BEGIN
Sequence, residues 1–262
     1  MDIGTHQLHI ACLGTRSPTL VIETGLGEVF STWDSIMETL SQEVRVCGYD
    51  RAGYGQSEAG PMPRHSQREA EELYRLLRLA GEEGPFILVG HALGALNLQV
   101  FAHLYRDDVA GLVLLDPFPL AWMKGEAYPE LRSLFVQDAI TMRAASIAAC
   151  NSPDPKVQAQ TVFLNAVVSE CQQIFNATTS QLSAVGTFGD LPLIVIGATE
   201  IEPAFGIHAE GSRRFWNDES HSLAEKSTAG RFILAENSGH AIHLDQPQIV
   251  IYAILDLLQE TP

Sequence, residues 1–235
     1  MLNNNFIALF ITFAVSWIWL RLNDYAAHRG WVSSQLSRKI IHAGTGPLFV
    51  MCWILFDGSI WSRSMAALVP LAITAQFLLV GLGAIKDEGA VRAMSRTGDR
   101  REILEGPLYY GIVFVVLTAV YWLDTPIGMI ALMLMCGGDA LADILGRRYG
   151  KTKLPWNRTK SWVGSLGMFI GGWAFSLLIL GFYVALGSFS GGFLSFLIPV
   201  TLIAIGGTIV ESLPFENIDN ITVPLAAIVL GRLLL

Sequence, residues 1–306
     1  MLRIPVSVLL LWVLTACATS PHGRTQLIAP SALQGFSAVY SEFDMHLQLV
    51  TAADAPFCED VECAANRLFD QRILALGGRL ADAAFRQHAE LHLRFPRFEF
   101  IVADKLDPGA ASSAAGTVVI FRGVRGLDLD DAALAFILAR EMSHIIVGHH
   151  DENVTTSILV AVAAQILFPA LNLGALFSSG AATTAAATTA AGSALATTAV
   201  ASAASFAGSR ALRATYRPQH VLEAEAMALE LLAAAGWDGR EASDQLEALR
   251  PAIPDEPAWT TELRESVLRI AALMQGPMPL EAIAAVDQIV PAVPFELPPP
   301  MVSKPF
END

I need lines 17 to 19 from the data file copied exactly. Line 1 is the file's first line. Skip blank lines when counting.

   101  IVADKLDPGA ASSAAGTVVI FRGVRGLDLD DAALAFILAR EMSHIIVGHH
   151  DENVTTSILV AVAAQILFPA LNLGALFSSG AATTAAATTA AGSALATTAV
   201  ASAASFAGSR ALRATYRPQH VLEAEAMALE LLAAAGWDGR EASDQLEALR